Postmodernism disrobed

by Richard Dawkins

Intellectual Impostures
by Alan Sokal and Jean Bricmont
Profile: 1998. Pp. 274. £9.99
Published in the USA by Picador as Fashionable Nonsense in November 1998

Suppose you are an intellectual impostor with nothing to say, but with strong ambitions to succeed in academic life, collect a coterie of reverent disciples and have students around the world anoint your pages with respectful yellow highlighter. What kind of literary style would you cultivate? Not a lucid one, surely, for clarity would expose your lack of content. The chances are that you would produce something like the following:

We can clearly see that there is no bi-univocal correspondence between linear signifying links or archi-writing, depending on the author, and this multireferential, multi-dimensional machinic catalysis. The symmetry of scale, the transversality, the pathic non-discursive character of their expansion: all these dimensions remove us from the logic of the excluded middle and reinforce us in our dismissal of the ontological binarism we criticised previously.

This is a quotation from the psychoanalyst Félix Guattari, one of many fashionable French ‘intellectuals’ outed by Alan Sokal and Jean Bricmont in their splendid book Intellectual Impostures, previously published in French and now released in a completely rewritten and revised English edition. Guattari goes on indefinitely in this vein and offers, in the opinion of Sokal and Bricmont, “the most brilliant mélange of scientific, pseudo-scientific and philosophical jargon that we have ever encountered”. Guattari’s close collaborator, the late Gilles Deleuze, had a similar talent for writing:

In the first place, singularities-events correspond to heterogeneous series which are organized into a system which is neither stable nor unstable, but rather ‘metastable’, endowed with a potential energy wherein the differences between series are distributed… In the second place, singularities possess a process of auto-unification, always mobile and displaced to the extent that a paradoxical element traverses the series and makes them resonate, enveloping the corresponding singular points in a single aleatory point and all the emissions, all dice throws, in a single cast.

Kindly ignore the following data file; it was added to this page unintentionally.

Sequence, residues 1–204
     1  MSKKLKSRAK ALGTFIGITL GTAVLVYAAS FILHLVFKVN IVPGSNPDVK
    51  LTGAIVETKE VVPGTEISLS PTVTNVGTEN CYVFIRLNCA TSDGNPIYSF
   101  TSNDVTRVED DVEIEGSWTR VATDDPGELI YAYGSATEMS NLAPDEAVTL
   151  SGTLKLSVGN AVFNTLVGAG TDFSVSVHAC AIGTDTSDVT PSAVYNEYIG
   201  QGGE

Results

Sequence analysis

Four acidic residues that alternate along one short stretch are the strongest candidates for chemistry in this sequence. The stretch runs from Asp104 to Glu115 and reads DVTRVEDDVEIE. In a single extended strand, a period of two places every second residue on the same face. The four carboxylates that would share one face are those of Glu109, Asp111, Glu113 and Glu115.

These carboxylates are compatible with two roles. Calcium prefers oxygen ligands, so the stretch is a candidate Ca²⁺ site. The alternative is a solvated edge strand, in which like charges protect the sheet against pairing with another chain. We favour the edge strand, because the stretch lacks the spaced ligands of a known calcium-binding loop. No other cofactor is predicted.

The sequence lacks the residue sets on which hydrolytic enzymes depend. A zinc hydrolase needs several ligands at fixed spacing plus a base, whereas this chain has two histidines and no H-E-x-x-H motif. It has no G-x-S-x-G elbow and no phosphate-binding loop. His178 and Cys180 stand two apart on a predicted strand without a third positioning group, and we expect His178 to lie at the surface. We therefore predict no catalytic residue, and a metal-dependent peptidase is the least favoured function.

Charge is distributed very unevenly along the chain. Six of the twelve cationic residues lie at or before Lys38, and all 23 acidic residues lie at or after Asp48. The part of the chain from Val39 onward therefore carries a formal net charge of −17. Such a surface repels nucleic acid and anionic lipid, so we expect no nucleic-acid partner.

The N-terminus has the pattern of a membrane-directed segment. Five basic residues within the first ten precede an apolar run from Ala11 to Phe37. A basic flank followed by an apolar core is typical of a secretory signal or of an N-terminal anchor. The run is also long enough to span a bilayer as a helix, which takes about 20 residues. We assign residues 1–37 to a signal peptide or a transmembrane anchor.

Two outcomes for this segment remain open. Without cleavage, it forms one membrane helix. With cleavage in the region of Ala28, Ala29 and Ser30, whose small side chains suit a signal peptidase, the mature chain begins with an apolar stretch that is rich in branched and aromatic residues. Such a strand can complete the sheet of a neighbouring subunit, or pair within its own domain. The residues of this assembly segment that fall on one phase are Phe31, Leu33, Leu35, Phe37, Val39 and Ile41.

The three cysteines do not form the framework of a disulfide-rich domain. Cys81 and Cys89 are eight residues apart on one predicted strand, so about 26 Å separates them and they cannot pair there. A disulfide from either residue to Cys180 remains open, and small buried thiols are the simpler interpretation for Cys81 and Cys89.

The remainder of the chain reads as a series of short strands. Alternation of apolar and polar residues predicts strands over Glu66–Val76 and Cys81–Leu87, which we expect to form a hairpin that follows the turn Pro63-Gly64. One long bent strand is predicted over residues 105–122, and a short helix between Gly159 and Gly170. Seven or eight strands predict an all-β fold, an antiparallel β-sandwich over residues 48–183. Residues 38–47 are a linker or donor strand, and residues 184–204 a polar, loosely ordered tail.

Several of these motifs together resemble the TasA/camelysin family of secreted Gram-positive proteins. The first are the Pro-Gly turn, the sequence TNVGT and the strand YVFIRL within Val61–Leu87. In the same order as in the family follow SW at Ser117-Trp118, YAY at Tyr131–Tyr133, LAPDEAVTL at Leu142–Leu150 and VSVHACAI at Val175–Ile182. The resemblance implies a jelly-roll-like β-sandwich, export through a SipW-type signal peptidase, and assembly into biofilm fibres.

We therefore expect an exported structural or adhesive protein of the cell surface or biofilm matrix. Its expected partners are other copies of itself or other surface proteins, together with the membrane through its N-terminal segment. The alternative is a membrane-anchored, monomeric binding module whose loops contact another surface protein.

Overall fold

This calls to mind Peter Medawar’s earlier characterization of a certain type of French intellectual style (note, in passing, the contrast offered by Medawar’s own elegant and clear prose):

Style has become an object of first importance, and what a style it is! For me it has a prancing, high-stepping quality, full of self-importance; elevated indeed, but in the balletic manner, and stopping from time to time in studied attitudes, as if awaiting an outburst of applause. It has had a deplorable influence on the quality of modern thought…

The remainder of this review is available here. [Originally published in Nature, 9 July 1998, vol. 394, pp. 141-143.]


5 Comments

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5 responses to “Postmodernism disrobed

  1. … And They were highly deluded and filled with themselves, a symptom of psychedelic use. All these combined: if it looks like a duck and walks like a duck. Probly a duck

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  2. While G and D i feel do have some good contributions, i think they couple micrograms to close to their LSD experience to be able to communicate clearly the meaning they intended. 😊 noone wantsto admit that LSD and psychedelics were the main components of postmodernism. We shall see what the less potent osychedeluc THC. Has In store for us in this age of legalization.

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    • Do you have any evidence that postmodernists have been affected by LSD?

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      • Yes. But not All post modern theorists. But the time period involved and the theory that developed. Deluze and Guttari are the most obvious. It is not difficult to see how 1) the want to describe ineffable experiences common to psychedelics; 2). The mood and environment of the 60s and70s It is kind of hard to imagine that curious and intelligent college students would have missed it. Along with D n G s. Ideas. And just how convoluted and ‘filled with effort’ their discourses are. 3). Their positions allotted them a prestige and consideration of their phrasings that would have otherwise been set aside.

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